It can happen for many different reasons. We may be stressed in work or in our personal life, and feel we can’t handle it anymore, we may feel that the demands on us are just too much. So, what can we do about it? We could delegate and ask people to take things on to reduce our to do list, or we could say ‘no’ when we are asked to take more on, but if it was that easy, we probably wouldn’t be in this situation in the first place.
Quite often we can feel overwhelmed by a particular task which plays on our mind. You may find that you are awaiting news and whilst waiting, other things start to build up. In cases like this, we need to manage our thoughts as we will be reacting to them, rather than the situation itself.
Sometimes we worry about the ‘what if’s’. We may have a fear of something bad happening. This fear can become intense, resulting in us feeling overwhelmed. When we fear the worst in a situation, we tend to look at the worst-case scenario which can then cause anxiety and panic.
For example, Jane is worried about catching COVID-19 and starts to imagine what her death will look like, who will be at the funeral and her children growing up with out her.
As you can see, she has gone from zero to 100 miles an hour with her thoughts whereas, if she slowed it all down and thought about things rationally, she would recognize that she is doing everything possible to reduce the risk, and has made it to this point without contracting it so must be doing something right. By focusing on just the facts, what is happening right now, you can think about things rationally.
We can also become anxious when we are struggling to find a solution to an issue, which in turn make us feel overwhelmed. The physical symptoms of anxiety, such as muscle tension, palpitations and sweating can then add to the problem and when we are in that state, we are more likely to make poor decisions. To help with this, it is useful to reflect on times when you have been able to think outside the box, and then ask yourself, ‘what mental state where you in?’ More than likely, your approach to the issue was more relaxed and as a result didn’t feel pressured. So, may be that is the way to approach this issue. I know that relaxing is probably the last thing on your mind, but it is worth giving it a go. Have you ever forgotten a name and racked your brain for it for hours, and then when you least expected it, the name popped into your head? Well that is a prime example of your brain working things out when you are relaxed. Try going for a bath or shower, or make a drink or go for a walk. By doing this you are making a shift in the brain which will allow you to look at things differently.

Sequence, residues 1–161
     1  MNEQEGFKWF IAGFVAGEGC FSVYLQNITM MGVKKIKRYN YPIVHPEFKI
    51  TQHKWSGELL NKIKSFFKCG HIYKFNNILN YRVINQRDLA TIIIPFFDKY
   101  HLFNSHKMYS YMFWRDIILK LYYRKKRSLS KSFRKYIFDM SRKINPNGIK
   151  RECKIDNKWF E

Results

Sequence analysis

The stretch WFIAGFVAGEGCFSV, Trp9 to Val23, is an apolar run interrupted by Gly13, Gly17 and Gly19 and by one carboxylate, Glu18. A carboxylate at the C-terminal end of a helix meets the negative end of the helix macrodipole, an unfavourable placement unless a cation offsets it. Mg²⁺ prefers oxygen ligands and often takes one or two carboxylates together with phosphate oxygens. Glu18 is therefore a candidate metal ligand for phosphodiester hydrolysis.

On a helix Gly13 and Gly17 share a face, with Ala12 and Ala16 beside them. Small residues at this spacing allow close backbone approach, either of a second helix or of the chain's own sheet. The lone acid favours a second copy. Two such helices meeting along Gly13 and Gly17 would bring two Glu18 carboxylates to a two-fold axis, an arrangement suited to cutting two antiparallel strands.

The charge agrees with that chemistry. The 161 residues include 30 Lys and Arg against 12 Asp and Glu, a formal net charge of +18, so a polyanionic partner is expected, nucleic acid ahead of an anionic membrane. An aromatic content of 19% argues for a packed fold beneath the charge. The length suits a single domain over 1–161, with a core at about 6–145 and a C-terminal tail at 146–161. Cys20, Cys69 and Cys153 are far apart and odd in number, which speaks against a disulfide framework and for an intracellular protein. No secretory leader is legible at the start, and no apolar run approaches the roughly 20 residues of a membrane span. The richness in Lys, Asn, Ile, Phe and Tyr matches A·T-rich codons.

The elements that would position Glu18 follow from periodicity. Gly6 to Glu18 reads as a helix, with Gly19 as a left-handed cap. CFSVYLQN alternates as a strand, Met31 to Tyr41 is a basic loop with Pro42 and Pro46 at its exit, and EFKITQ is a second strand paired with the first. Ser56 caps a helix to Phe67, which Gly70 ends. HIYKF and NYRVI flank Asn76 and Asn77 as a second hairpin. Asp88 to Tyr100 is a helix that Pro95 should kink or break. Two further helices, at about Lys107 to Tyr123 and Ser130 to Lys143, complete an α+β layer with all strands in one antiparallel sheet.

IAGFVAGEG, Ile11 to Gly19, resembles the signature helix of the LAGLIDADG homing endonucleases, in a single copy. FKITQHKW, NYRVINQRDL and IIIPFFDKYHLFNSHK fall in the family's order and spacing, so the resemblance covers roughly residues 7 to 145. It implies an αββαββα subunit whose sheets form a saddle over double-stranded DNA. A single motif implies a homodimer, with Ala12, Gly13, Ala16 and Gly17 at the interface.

Some people also practice mindfulness, which is where we just observe and accept the thoughts. For example, you may be worried about being late for an appointment and instead of going with the thought to the worst-case scenario, just observe the thought, say to yourself ‘I notice that I am having the thought that I am going to be late’. The idea is to look at the thought rather than connect with it.
Being in the present moment is also part of being mindful but can also help reduce the chatter, as we tend to always be in the past, thinking about things we should have said or done or in the future, thinking about the things we need to do. A great way to stop this is by connecting with the body, maybe feeling the clothes on your body or counting your breathing. To find out more about mindfulness, please check back next week when I will be going in to it more.
Finally, we also need to be kind to ourselves. By being kind to ourselves, we stop feeling overwhelmed. Being kind to yourself means different things for different people. I personally allow myself the time and space to crochet, I don’t feel guilty for taking that time to myself, as I know that by taking the half hour, I will be more productive for the other twenty-three and a half hours in the day.